Archive for June, 2009
Comments Off on Minneapolis Duplex Sales Pull An All-Nighter
Well, it’s the Continuing Education deadline for Realtors is today.
As a result, there’s a mad scramble around the office as we procrastinators try to finish up the last of our state required annual education and turn in proof we did it.
Yes, yours truly was among the procrastinators; one who pulled an abbreviated version of an all-nighter in order to make the state capital happy.
Apparently the folks over at MAAR aren’t procrastinators, because they managed to get their Weekly Activity Report out on time. And it contained some really interesting information.
First, the total number of homes for sale in the Twin Cities metro is down 20.9 percent from where it was one year ago.
Second, for the week ending June 20, sales were up a whopping 32.1 percent from their mark for the same week in 2008. So, for 12 of the last 13 weeks there’s been an increase in sales over 2008 of more than 20 percent.
Woo hoo! Right?
Unfortunately, traditional home sales — meaning those actual humans own are still down 17.8 percent from last year. Sales of homes priced over $350,000 are down 26.8 percent from one year ago.
In other words, the bulk of the sales activity in the market right now is in the lower price ranges, on bank foreclosures.
The multi-family sector of the market meanwhile, posted another week of robust pending sale activity; up 46.4 percent from the same stretch in 2008. Of these, 85 percent were bank owned or mediated.
While the number of new listings was up 5 percent week over week, “just” 75.4 percent of these involved negotiations with a lender. This is down from the 90-plus percent we saw earlier in the year.
Finally, while the average off-market price for the week was $120,043, the 2008 mark was roughly only $7000 higher.
Now, I need a nap…
Comments Off on What Should You Improve In Your Minneapolis Duplex?
One of the challenges facing many duplex and single family home buyers in today’s foreclosure-laden real estate market is that many of these properties havea significant amount of deferred maintenance.
And it’s tempting, regardless of the type of property purchased, to “Pimp My Ride” with every conceivable improvement featured on HGTV or in the aisles of Home Depot.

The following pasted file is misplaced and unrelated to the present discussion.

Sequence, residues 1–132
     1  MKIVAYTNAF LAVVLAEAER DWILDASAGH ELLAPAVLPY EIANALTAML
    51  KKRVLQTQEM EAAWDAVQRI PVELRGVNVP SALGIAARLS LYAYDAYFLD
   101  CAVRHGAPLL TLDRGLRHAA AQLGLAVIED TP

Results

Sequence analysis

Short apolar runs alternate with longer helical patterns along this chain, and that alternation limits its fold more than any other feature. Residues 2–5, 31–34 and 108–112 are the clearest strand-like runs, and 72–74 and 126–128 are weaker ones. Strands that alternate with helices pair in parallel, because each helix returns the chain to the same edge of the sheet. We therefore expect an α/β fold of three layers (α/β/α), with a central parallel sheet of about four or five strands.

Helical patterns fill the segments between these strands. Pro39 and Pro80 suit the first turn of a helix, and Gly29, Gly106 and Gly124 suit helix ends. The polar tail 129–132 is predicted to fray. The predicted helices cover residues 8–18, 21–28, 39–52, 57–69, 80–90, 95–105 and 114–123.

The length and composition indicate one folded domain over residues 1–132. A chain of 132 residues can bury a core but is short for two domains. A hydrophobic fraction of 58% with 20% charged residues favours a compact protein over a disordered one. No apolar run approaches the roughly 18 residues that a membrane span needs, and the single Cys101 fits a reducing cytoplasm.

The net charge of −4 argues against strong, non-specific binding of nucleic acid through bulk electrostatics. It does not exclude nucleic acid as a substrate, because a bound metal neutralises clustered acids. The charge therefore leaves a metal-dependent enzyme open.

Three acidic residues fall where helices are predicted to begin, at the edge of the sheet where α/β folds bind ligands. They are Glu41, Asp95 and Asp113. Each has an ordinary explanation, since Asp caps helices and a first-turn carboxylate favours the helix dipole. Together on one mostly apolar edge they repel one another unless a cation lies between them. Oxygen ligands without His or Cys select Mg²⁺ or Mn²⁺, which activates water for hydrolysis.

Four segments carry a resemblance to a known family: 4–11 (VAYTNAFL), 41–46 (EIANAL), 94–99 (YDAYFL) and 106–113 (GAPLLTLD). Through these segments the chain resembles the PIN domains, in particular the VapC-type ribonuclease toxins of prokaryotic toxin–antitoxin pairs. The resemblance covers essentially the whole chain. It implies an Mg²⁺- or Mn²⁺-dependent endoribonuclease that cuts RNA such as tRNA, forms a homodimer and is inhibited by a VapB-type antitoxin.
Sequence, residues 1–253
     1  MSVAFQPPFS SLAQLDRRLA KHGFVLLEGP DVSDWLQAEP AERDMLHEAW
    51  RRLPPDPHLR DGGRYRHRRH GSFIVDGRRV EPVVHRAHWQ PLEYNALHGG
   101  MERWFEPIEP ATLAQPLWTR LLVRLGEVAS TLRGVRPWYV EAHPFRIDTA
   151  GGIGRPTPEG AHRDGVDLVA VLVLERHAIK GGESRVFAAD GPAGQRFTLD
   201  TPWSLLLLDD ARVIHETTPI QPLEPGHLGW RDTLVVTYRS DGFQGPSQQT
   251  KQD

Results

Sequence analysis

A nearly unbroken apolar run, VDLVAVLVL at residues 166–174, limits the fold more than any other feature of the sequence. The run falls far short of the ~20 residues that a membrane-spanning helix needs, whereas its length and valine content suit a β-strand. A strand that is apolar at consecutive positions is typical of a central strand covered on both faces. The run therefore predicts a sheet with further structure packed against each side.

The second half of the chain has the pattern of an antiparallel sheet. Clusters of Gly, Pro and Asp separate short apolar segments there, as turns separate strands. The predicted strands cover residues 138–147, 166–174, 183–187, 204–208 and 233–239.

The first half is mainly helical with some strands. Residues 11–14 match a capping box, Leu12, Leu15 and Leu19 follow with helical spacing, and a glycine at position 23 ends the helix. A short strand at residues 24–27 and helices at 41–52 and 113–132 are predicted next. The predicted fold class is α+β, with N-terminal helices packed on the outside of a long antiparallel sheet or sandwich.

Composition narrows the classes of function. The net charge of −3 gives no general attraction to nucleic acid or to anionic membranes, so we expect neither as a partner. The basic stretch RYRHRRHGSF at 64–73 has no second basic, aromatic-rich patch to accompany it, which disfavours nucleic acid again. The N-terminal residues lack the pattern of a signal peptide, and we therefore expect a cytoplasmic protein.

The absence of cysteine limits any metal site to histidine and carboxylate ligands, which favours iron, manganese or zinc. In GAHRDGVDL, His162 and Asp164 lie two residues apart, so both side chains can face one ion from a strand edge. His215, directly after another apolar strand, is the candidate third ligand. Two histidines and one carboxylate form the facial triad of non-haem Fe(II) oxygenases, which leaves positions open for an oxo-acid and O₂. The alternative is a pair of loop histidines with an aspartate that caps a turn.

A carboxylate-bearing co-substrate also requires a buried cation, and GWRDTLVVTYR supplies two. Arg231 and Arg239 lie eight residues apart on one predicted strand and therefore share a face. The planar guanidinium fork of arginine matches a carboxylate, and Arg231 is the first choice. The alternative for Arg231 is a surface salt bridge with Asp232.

Before you max out your credit cards, spend all of your $8000 first time home buyer tax credit or burn through your 203(k) construction loan, it’s important to stop and think who you’re improving the property for, and just what your return on those expenditures will be.
Just as improving a kitchen or adding landscaping increases the value of a single family home, upgrades to duplexes do as well. Before you start putting granite countertops in your rental units, however, it’s important to ask yourself a couple of questions.
First, if your intention is to ultimately sell the property, think about who your eventual buyer might be. Is your property one that lends itself to an owner occupant? To answer this, simply ask yourself whether you would live there.
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said on June 25th, 2009 categorized under: Financing
Comments Off on How Much Should You Put Down On A Minneapolis Duplex Contract for Deed?
With today’s tightened lending standards, many investors are having a difficult time finding financing. As a result, the contract for deed has once again emerged as a viable option.
I have had two buyers ask me this week alone to find them property where the seller is willing to do the financing.
Believe it or not, there are properties on the MLS right now where this is an option. Many sellers, for whatever reason, simply need to no longer have the managerial responsibilities of a property.